I can't see the monument but Kannon suggests a Buddhist statue, not Shinto. And yes, there is a big difference.

7 ( +8 / -1 )

Good that the J-government is doing this. Good to hear these POW's stories and their ideas today.

I highly recommend "The Railway Man": a true story about a British former POW who meets his former guard and interrogator.

5 ( +6 / -1 )

I remember my father telling me a story about his university days. In those days, the 50s, there were so many former soldiers on the G.I. Bill going to university that they slept in bunk beds in the gymnasium. Anyway, there was this one guy who would often jump up from his bed in the middle of the night screaming, "Kill them all! Kill them all!" For the guys who were new to this environment, they would say, "What's wrong with that guy?!" The veterans there who knew the guy would just say, "Don't mind him. He was in a Japanese POW camp." After that, nothing more was said and it was understood that the guy was to be left alone to his own demons and nightmares.

6 ( +7 / -1 )

It is still not really 100% clear why the IJA treated pow's so badly during WW2.

For one thing, the IJA treated pow's during the Russo-Japanese war and WW1 extremely well.

So the idea that it is all about the Japanese samurai honor code, saying that thus Japanese culture led them to see soldiers who surrendered as worth nothing, is not 100% true. On the other hand, Japanese soldiers at the time were indeed told things like this, so there is something to it. But this samurai talk and not surrendering was only instilled in the IJA in the 1930's. Samurai in conflict during the Sengoku and Bakumatsu periods often surrendered or changed sides.

One thing that is often forgotten is that the IJA had a very bad logistical system (and lots of ships were sunk by US submarines), meaning there wasn't any food around, also not for the Japanese soldiers. A large number of them died of malnutrition. So the pow's were last in the pecking order. In my opinion, that doesn't excuse it, since it is the responsibility of the army to care for their prisoners.

There is also a bit of a myth about "the Japanese POW camp" as being exceptionally cruel and bad torture camps. Some surely were, but although I surely wouldn't want to be in one, some POW camps were actually not that bad, with food around and pow's mostly running their own affairs. So it seemed to have depended on the situation.

Also, the German treatment of Soviet POW's was probably worse. They just put them in a large field with a fence around and let them starve. Some turned to cannibalism. Some 3.3 million died.

-2 ( +3 / -5 )

Regular prison fare consisted of a gruel of water mixed with feed com, plus an occasional dog or cat that wandered too close. At times, some prisoners drank their own urine and attempted to eat their own feces to survive. At times, prisoners were made to stand all night without food or sleep before marching several miles to Kawasaki to work all day in the fiery steel mill. When freedom came, it happened overnight. Atomic bombs had been dropped on Hiroshima and Nagasaki. Imperial Japan had surrendered (The memorial is focused around a large statue of Kannon, a Buddhist symbol of compassion).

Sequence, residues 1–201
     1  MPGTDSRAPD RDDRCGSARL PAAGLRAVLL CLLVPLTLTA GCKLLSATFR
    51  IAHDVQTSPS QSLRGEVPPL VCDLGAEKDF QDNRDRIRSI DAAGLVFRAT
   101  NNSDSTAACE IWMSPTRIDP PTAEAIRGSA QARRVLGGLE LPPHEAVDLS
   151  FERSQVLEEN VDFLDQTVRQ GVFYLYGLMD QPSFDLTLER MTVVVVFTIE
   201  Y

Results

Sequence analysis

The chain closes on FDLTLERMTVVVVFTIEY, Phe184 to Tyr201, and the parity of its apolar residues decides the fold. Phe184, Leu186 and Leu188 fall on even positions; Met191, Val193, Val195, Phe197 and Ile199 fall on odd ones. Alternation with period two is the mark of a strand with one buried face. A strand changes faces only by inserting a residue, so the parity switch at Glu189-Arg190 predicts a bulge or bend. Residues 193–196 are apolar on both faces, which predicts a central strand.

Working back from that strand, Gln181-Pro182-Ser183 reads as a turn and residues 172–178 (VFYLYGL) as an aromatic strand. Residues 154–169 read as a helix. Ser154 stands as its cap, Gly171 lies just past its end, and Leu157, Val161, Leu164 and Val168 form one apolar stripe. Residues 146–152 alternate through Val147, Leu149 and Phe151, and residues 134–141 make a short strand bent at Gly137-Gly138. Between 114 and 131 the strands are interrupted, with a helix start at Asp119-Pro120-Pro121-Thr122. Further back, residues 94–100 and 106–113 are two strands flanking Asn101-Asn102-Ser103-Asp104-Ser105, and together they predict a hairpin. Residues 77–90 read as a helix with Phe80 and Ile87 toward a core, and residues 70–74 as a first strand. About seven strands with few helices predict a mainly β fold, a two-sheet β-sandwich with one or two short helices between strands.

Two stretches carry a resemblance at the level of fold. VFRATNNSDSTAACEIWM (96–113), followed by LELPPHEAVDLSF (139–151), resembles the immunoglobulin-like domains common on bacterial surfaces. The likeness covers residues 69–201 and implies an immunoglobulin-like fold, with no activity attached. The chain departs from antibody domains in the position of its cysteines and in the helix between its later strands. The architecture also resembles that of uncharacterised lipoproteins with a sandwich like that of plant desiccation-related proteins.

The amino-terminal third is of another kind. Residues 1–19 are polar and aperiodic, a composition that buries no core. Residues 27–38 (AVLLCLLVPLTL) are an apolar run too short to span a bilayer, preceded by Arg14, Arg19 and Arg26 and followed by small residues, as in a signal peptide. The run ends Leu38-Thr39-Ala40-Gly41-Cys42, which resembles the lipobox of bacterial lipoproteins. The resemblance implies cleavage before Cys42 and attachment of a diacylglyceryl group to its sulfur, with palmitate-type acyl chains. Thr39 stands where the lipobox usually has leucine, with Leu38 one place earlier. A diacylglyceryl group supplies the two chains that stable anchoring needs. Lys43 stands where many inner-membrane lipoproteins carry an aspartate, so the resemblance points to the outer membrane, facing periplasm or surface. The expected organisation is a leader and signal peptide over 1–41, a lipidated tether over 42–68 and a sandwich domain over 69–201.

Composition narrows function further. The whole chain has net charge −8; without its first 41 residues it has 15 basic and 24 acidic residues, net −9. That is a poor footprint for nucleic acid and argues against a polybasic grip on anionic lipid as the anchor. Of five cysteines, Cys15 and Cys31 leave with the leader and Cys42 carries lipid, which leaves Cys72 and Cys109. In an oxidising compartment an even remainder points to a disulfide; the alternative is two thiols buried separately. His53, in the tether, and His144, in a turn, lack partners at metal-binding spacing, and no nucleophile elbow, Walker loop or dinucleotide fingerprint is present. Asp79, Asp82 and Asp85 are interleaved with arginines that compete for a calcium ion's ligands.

3 ( +3 / -0 )

These guys should go to the Yakasuni Shrine and honor the Japanese fallen also.

-12 ( +3 / -15 )

@5eriously. I agree with you " I would beg that you would not judge an entire nation based on your ONE example." but neither should you. There were over 100 POW camps in Japan. I am very much interested in the history of the Pacific War and did some research about those camp sites. I visited former camp sites in Takadanobaba, Shinagwa, Shinjuku, Ofuna and Kanagawa. Could not find any trace of the sites, even asked some people who live very near since long if they know anything. There were very surprised to hear that the place where they park their cars was a former POW camp were people were killed and tortured. I read "Railway man" but also "The forgotten Highlander" which tells more about POW life in Japan. Interesting fact is that quite a lot of the guards in the camps were not japanese but korean who often treated the POWs more brutal than the japanese guards.

4 ( +5 / -1 )

shonanbb

These guys should go to the Yakasuni Shrine and honor the Japanese fallen also.

Yeah, exactly. These men should go to **yasukuni to pay homage to the criminals who were directly responsible for their suffering. Get real.

7 ( +12 / -5 )

@saitamarefugee, let us not negativism stay in our hearts. I seem to believe that those ex POW's have that kind of feeling of rejoice for no matter how cruel that war to them, they are able to survive it and live fully to see Japan in time of peace and progress. I have this great feeling of hugging each one of them for not being bitter about the past. If I can find time, I would want to visit the Yasukuni Shrine and all the rest of POW camps too.

2 ( +5 / -3 )

@Ishiwara

It is still not really 100% clear why the IJA treated pow's so badly during WW2.

As you said, it was a case by case basis. Some POWs were treated worse than others, on all sides, depending on the situation and individuals involved.

Your comment is one of the best I've seen on this site regarding this topic.

I find it ironic to see so many ready to generalize and stereotype, (rather than be impartial and study the facts), which was one the chief causes of mistreatment 70 years ago. People are just as gullible as ever, and sometimes the ones deluding them are themselves.

0 ( +3 / -3 )